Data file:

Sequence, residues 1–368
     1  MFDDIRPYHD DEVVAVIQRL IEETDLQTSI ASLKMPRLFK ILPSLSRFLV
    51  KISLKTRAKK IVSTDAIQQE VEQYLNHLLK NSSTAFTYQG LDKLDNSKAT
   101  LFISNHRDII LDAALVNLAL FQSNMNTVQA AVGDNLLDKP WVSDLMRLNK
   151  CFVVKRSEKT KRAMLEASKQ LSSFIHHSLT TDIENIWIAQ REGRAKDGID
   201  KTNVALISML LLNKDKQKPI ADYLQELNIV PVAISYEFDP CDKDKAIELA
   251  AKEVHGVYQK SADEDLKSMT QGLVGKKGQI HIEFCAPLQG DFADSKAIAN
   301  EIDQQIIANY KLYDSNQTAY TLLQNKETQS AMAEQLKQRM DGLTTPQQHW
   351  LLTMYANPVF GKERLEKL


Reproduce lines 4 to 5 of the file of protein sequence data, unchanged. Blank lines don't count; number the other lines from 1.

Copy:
   101  LFISNHRDII LDAALVNLAL FQSNMNTVQA AVGDNLLDKP WVSDLMRLNK
   151  CFVVKRSEKT KRAMLEASKQ LSSFIHHSLT TDIENIWIAQ REGRAKDGID